BRUSSELS: The United States has secured a seven-day reduction in violence in talks to help seek a negotiated settlement in Afghanistan, Pentagon chief Mark Esper said on Thursday.
The announcement came as Nato defence ministers met in Brussels and a day after Afghan President Ashraf Ghani reported “notable progress” in negotiations with the militant insurgents.
“The United States and the Taliban have negotiated a proposal for a seven-day reduction in violence,” Esper told reporters, dubbing his meetings with Nato colleagues “productive.”
“We’ve said all along that the best, if not the only, solution in Afghanistan is a political agreement. Progress has been made on that front and we’ll have more to report on that soon, I hope.”
Esper did not say when the partial truce would begin, but on Wednesday a Taliban official said that the group would begin a “reduction of violence” on Friday.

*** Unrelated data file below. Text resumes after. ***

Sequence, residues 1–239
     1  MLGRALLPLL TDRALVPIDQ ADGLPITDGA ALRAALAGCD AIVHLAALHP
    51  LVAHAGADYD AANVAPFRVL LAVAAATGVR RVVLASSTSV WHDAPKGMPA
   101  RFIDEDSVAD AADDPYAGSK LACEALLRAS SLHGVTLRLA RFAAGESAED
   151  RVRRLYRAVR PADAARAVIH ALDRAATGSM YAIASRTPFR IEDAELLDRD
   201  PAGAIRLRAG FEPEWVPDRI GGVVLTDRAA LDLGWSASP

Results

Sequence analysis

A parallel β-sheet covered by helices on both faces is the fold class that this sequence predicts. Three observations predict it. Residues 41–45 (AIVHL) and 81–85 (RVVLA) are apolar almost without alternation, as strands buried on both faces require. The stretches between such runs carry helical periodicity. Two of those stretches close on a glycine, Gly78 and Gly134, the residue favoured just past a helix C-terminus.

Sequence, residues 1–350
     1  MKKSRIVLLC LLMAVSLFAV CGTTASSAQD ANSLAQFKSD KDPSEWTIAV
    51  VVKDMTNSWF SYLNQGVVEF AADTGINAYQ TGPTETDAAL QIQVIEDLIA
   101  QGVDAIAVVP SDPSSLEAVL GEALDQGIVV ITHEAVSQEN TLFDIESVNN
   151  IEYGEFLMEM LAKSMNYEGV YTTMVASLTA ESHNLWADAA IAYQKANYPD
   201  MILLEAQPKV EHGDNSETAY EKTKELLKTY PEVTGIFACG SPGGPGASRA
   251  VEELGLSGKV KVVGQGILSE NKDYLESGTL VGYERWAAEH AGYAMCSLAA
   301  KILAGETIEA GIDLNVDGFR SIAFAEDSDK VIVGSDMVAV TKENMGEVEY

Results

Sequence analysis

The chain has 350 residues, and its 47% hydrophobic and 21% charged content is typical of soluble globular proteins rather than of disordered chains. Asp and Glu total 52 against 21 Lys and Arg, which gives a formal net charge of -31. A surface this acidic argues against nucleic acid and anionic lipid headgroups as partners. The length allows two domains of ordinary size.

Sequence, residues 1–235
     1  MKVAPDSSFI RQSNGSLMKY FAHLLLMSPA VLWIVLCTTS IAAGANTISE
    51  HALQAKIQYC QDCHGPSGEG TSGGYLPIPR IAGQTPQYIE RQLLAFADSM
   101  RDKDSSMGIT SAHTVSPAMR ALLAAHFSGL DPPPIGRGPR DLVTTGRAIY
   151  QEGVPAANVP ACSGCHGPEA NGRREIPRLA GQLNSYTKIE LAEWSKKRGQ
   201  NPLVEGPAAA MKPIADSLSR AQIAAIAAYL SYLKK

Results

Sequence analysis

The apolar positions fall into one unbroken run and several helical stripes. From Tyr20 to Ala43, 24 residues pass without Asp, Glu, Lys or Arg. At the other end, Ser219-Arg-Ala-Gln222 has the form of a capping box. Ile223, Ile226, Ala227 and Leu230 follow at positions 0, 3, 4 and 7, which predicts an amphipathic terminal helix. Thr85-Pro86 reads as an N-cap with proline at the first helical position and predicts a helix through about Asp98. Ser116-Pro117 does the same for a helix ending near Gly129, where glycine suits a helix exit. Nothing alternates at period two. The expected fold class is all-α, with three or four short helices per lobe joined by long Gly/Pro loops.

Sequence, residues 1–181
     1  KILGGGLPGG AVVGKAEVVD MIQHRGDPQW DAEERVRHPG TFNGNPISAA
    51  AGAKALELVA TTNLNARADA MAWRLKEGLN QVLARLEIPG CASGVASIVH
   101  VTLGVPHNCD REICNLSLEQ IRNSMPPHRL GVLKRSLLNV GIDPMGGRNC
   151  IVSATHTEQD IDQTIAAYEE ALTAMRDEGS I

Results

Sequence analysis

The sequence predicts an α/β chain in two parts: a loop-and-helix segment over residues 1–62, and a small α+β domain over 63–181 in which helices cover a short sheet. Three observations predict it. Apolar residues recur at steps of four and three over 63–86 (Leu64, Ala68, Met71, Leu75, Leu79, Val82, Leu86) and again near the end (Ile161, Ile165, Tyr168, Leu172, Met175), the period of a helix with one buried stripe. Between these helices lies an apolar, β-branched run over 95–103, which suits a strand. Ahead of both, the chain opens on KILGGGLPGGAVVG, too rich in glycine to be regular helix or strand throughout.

“It is our view that seven days for now is sufficient but in all things our approach to this process will be conditions based, I will say it again, conditions based,” Esper said.
“So it will be a continual evaluative process as we move forward, if we go forward.”
Washington and the insurgents have been locked in gruelling talks that have stretched over more than a year, seeking an end to what has already become America’s longest war.
Citing Afghan and US officials, the New York Times has reported that President Donald Trump had given conditional approval to a deal with the Taliban to allow him to start withdrawing US troops.